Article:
Six tips for business success as a mediator

By Nancy Neal Yeend

  1. Specialize
    Only take certain cases. Like the surgeon who claims the ability to perform any operation, the person who says “I can mediate anything” will not be believed.
  2. Study
    If you want to become a mediator, at least one 40-hour mediation course is a must.
  3. Speak publicly
    Give talks or short seminars at professional and civic organizations. when people go to a talk on mediation and learn something from the presenter (you), they are likely to consider you an expert and think of you when they need an expert mediator. Or they  will recommend you as such.
  4. Create a website
    Unless you’re already an expert at this, hire a professional. Be sure to include a description of services offered, a sample confidentiality agreement or other forms, a page with your biography, a photo and a variety of channels they can use to contact you.
  5. Don’t leave home without takeaways
    When you give a talk, have a stand at the back of the room with information about you. People are likely to notice it on the way out and take the materials with them.
  6. Give away value, not just paper
    There’s an old saying, “”Everyone is listening to the same radio station: WII-FM.” WII-FM stands for What’s In It For Me. Provide your potential customers useful information, such as a checklist of questions to use when interviewing a mediator, or advice on how to prepare for a mediation. Put your name and logo on all materials. You will not only be educating people, you’ll be planting a seed that will advertise your business in someone’s home or office for years to come.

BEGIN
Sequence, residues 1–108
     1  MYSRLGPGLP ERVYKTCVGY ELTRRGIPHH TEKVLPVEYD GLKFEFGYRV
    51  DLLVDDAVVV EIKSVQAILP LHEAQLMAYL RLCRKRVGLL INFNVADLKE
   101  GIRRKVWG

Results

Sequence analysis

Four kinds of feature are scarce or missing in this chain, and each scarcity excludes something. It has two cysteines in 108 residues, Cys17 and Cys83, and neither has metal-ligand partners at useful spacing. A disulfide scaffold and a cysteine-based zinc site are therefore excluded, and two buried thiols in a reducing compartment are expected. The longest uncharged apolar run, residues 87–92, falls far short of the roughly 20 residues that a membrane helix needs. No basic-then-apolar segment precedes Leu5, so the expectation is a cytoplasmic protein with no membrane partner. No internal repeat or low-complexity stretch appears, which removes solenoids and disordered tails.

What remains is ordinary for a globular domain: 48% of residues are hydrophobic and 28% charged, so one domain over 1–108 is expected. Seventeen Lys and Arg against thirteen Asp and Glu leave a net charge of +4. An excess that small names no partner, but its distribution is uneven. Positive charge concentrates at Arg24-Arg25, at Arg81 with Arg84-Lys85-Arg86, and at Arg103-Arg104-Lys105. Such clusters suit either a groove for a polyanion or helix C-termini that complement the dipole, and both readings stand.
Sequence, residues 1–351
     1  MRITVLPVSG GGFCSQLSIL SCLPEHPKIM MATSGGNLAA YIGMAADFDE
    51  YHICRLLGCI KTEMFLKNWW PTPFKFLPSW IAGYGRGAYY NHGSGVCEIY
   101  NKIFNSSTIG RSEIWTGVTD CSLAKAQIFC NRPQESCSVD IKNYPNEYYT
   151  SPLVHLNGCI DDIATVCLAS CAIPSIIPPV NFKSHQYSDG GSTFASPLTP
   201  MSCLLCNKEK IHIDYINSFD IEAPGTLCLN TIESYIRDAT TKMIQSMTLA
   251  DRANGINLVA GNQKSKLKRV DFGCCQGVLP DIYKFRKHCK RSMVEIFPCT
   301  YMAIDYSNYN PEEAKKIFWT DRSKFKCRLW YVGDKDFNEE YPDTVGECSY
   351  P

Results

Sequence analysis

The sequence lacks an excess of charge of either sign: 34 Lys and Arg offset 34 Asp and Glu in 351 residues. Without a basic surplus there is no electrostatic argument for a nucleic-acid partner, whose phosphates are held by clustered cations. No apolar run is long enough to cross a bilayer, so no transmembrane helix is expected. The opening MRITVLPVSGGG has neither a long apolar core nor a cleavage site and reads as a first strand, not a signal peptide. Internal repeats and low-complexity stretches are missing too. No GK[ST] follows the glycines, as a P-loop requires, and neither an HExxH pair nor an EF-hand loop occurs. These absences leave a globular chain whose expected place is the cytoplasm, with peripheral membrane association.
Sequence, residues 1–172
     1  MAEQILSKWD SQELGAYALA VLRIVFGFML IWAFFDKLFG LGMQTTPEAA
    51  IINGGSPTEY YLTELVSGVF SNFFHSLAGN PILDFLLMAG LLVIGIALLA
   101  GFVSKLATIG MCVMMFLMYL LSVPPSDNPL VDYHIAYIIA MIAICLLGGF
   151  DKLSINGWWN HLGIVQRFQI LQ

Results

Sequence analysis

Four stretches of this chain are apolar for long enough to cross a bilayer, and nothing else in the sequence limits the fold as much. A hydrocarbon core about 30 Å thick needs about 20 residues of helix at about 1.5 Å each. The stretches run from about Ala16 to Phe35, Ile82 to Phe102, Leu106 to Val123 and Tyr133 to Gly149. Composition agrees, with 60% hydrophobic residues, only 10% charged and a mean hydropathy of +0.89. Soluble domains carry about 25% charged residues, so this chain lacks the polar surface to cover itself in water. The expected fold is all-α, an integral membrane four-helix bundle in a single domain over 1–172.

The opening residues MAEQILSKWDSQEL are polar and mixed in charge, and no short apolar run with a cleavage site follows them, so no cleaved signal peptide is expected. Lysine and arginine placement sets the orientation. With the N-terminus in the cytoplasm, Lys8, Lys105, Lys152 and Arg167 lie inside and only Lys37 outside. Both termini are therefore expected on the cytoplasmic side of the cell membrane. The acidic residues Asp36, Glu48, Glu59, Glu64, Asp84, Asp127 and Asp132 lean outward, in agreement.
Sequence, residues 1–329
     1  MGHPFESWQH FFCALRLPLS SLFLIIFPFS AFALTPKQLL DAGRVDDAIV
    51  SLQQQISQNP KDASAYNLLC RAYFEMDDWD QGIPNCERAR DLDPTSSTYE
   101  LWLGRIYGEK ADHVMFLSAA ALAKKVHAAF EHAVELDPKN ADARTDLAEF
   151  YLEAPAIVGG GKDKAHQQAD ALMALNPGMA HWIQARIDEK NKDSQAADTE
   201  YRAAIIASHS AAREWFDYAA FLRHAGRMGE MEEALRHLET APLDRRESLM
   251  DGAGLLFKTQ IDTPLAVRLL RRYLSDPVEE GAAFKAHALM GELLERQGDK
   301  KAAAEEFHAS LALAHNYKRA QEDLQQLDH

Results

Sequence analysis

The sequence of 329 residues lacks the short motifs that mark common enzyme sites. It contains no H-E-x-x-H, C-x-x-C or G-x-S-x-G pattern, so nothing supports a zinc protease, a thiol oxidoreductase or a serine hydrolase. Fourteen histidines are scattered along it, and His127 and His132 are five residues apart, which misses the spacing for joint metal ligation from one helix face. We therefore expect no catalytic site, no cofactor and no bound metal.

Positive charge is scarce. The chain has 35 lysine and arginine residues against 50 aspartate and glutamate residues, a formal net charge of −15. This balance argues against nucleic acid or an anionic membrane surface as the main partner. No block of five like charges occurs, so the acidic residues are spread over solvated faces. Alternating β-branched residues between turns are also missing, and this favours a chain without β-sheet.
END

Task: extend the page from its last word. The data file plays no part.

NJC News
Washington DC Supreme Court facade equal justice under the law
Almost all judges believe Supreme Court justices should be subject to an ethics code

It’s safe to say that judges think their brethren and sistren on the U.S. Supreme Court should be bound b...

Remembering Lee Sinclair

Photo courtesy of The Repository Lee Sinclair recalled that as a child he loved to visit the Stark Count...

Remembering Dean Larry Hyde

Judge Laurance M. “Larry” Hyde, the dean who established The National Judicial College on the campu...

Interior of cell block in abandoned State Correctional Institution, or jail., common room with jail cells.
Poll suggests that judges know what life is like in their jails and prisons

Judges who send people to jail or prison usually have at least some idea of the conditions in the facilitie...

Judicial Heroes and Legends: May 2022 - Hon. Constance Baker Motley

When Ketanji Brown Jackson was nominated to become the first Black woman justice of the U.S. Supreme Co...

View All News

Download a PDF of our complete 2022 course catalog

Download